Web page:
Trees are pruned to provide clearance for overhead utility lines. Heading, the removal of all the branches at one level, promotes dense regrowth. Regrovi/th after heading results in a tangle of branches even harder to control and can seriously damage overhead utility lines.

Careful selective thinning of uppermost branches creates an easily maintained opening for utility lines. Regrowth after thinning is controlled and directed away from lines, preventing damage to lines and tree.

From the day any plant begins life as a seedling, its growth is influenced by climatic and biological conditions. Climates vary considerably over large and small geographic regions. Differences in climates are determined by amounts of rainfall, sunshine, mountain ranges, longitude and latitude, elevations and bodies of water. The ability of plants to grow and survive in any particular climate is called hardiness. Growth of all plants is influenced by the following conditions: • • • • Sunlight, Day Length and Temperature. Air, Wind, Soil and Water. Wildlife and Diseases. Genetic Heritage.

Scientists have been studying these influences for centuries. In many cases, their effect on the way some plants function is still not completely understood. Fortunately, the gardener only needs to understand a few basic facts about how plants grow and the influences that affect them. Sunlight and Day Length—All plants are phototropic. This means they respond to light in a positive way. Shrubs, trees and vines all grow toward light. Sunlight, or solar energy, is essential for plants to live. Leaves are solar collectors. Leaves orient themselves towards the sun. Through a process known as photosynthesis, leaves manufacture food for the tree.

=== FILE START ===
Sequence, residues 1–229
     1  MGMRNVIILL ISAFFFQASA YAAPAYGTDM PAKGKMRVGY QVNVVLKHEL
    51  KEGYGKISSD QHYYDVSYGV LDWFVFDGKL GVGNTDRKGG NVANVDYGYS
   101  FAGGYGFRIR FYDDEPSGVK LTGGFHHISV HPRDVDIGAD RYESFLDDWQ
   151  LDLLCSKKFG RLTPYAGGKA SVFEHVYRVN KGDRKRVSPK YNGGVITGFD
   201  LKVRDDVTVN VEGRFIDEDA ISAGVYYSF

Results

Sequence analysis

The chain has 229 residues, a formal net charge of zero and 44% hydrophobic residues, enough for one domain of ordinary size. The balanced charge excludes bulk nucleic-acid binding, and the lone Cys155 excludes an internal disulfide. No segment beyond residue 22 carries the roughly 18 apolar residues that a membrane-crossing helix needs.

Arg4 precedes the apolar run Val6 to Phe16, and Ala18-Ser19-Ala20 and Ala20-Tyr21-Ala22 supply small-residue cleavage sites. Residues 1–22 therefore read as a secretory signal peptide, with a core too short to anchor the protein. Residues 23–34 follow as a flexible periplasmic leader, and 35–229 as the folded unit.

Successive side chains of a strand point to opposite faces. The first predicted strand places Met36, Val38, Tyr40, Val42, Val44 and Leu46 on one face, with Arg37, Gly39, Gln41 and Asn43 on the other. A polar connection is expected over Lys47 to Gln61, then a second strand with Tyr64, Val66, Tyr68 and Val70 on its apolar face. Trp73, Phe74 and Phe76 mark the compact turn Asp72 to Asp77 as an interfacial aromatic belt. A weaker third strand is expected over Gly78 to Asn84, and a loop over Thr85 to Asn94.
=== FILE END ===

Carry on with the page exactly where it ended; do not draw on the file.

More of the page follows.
Photosynthesis converts energy from the sun into starches and sugars, or food. This food is a basic sugar. When leaves don't receive enough sunlight to manufacture food, they drop from the plant. Shaded areas of plants tend to become bare of foliage. Shaded parts may fail to bloom, or if they bloom, only a few blooms will set fruit. Pruning helps trees or shrubs arrange foliage to intercept the sunlight. Day Length, or more correctly the length of night, is the determining factor that tells deciduous perennial plants when to develop flowers or drop leaves. Deciduous plants lose all their leaves each year. Perennial plants live from year to year. Studies have produced little knowledge about how day length initiates flowering or leaf-drop. Evergreen tropical and subtropical plants are not affected by day length. Evergreen plants don't lose all their leaves each year. Temperature—Daily and seasonal temperatures have a pronounced effect on plants. Each climate differs in amount and intensity of sunlight, temperature extremes and many other variables. All the factors above have various effects on plants depending upon the season of the year. Day length and temperature initiate a series of physical and chemical changes in plants each year. These changes are called acclimation. The acclimation process helps plants acquire resistance to cold. Acclimation enables plants to survive winter months. The initial phases of acclimation are started by decreasing day length. Latter phases of acclimation depend on the occurrence of colder temperatures.

Left: The side of a tree that faces a larger tree is dwarfed because the smaller tree is shaded from the sunlight. Center: A tree growing in an open field is more symmetrical because light evenly illuminates all sides. Right: Leaves on plants will always orient themselves toward the dominant light source.